On Friday, September 30, Airdrie and the area will have the opportunity to experience Elder led healing and Indigenous culture in a meaningful way for National Truth and Reconciliation Day.
Elders and Knowledge Keepers from Stoney Nakoda, Kainai and Tsuut’ina First Nations and the Métis Nation of Alberta Region 3 will be coming to Nose Creek Park in Airdrie between 10 a.m. and 4 p.m. to raise a tipi and trapper’s tent, light a sacred fire, conduct a sacred pipe ceremony, share prayers, teachings, stories, songs and music.
"[This is an] event that brings our community together in reconciliation and honouring Survivors, their families, and their communities. Come and visit with First Nation and Métis Elders and Knowledge Keepers. Everyone is welcome and encouraged to participate in all aspects of the day from raising and lowering the tipi and trapper's tent, to listening to the Elder’s teachings, to enjoying a cup of tea and a taste of bannock made over an open fire and joining in a round dance," stated a press release from the Circle Connections for Reconciliation Society.
The Circle Connections for Reconciliation Society is a grassroots community-driven initiative organized by a team of dedicated volunteers bringing Indigenous and non-Indigenous people together in peace and friendship in Airdrie and the surrounding area, working together towards genuine and ongoing reconciliation in our community. The society said that September 30 is a day to honour the children who never returned home and Survivors of residential schools, as well as their families and communities.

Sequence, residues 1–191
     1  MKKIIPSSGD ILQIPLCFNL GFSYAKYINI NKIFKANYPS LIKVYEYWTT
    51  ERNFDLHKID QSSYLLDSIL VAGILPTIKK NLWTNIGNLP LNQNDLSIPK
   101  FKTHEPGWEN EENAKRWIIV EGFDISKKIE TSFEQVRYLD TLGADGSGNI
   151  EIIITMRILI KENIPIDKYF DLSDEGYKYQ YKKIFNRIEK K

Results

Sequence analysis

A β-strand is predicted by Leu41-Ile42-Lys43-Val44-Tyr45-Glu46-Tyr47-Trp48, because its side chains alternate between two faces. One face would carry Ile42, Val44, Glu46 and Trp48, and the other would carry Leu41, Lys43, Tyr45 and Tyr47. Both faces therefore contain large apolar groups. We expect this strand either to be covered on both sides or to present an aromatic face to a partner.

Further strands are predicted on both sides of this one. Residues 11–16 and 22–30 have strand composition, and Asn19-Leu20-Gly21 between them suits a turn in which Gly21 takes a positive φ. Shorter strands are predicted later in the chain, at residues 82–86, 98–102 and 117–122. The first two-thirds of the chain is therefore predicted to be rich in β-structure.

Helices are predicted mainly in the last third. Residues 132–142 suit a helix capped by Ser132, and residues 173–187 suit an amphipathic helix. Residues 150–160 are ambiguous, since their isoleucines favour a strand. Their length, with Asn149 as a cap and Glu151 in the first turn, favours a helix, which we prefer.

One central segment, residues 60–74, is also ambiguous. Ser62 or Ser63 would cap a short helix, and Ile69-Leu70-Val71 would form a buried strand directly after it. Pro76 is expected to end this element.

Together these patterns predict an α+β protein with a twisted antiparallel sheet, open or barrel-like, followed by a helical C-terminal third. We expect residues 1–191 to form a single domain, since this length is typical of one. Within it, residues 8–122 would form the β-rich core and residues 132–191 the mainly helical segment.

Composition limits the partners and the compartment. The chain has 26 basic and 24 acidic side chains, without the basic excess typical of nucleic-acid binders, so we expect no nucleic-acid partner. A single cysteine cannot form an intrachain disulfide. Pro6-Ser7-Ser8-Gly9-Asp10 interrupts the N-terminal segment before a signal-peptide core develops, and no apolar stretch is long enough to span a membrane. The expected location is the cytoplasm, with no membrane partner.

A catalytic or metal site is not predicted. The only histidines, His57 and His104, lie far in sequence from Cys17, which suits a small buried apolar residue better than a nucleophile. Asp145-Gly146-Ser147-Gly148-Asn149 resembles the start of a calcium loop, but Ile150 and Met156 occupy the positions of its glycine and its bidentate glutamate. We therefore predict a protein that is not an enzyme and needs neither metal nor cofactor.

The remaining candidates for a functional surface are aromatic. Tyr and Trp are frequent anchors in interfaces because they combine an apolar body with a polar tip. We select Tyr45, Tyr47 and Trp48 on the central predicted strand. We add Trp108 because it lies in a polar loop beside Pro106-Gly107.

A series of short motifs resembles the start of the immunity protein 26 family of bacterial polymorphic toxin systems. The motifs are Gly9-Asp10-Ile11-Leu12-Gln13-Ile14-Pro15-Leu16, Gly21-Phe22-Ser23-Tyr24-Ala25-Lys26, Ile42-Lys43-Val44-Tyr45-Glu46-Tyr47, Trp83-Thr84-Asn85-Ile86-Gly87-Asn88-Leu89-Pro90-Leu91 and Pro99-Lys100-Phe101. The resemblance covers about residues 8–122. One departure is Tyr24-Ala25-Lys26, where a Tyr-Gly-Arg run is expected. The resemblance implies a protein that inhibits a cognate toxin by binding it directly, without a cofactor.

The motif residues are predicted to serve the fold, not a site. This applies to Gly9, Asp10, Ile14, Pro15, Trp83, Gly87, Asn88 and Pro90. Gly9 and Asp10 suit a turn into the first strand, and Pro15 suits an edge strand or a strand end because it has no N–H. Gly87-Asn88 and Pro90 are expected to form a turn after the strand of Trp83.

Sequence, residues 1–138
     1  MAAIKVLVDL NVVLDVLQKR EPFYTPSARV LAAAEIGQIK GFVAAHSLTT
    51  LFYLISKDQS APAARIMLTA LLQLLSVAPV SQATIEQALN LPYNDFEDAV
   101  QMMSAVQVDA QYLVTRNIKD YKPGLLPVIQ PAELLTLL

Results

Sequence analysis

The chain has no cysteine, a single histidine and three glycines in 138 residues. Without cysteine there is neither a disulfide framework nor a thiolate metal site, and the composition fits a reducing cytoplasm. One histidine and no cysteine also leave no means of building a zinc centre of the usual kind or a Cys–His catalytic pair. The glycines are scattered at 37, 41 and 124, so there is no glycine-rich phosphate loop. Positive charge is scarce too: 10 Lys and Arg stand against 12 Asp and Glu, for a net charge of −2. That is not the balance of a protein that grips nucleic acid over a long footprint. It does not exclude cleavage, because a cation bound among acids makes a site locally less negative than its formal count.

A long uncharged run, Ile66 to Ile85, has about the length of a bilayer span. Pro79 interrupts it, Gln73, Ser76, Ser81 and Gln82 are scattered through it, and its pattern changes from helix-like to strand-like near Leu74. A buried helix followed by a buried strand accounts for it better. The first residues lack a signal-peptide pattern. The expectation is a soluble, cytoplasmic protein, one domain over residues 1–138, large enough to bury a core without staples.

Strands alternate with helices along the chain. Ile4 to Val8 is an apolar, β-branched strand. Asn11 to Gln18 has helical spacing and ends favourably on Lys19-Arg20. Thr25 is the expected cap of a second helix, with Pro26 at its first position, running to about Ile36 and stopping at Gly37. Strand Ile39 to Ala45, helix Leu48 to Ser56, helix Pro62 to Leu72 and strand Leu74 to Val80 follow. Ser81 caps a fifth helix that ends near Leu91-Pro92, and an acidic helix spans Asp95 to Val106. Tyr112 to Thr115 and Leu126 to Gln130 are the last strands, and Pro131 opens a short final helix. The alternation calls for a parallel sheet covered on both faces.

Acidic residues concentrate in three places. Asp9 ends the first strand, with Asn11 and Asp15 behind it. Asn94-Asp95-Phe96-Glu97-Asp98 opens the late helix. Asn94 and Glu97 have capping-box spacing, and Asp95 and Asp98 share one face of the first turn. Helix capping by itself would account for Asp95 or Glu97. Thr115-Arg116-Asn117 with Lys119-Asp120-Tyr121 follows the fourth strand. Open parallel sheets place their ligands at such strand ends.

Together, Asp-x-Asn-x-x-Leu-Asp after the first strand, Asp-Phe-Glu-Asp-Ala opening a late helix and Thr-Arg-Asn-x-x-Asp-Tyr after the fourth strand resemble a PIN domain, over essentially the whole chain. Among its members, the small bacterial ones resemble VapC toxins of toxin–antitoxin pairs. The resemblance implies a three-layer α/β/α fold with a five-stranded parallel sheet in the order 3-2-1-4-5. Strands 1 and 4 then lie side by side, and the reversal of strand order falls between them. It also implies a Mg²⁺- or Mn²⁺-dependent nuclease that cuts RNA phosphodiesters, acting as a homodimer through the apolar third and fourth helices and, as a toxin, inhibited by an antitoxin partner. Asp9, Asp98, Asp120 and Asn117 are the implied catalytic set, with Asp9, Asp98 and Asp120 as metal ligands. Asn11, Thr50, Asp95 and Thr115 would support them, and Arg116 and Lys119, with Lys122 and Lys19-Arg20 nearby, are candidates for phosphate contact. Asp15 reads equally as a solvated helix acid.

"Public commemoration of the tragic and painful history and ongoing impacts of residential schools is a vital component of the reconciliation process."
September 30, is also known as Orange Shirt Day, which is also an Indigenous-led grassroots commemorative day intended to raise awareness of the individual, family and community intergenerational impacts of residential schools, and to promote the concept of “Every Child Matters”.
"The orange shirt is a symbol of the stripping away of culture, freedom and self-esteem experienced by Indigenous children over generations. On September 30, we encourage all Canadians to wear orange to honour the thousands of Survivors of residential schools."
According to the Circle Connections for Reconciliation Society, this family-friendly public event is made possible through a collaboration of Elders, Knowledge Keepers, the Circle Connections for Reconciliation Society and the City of Airdrie. Funding for this event has been provided by the Government of Canada and the City of Airdrie.
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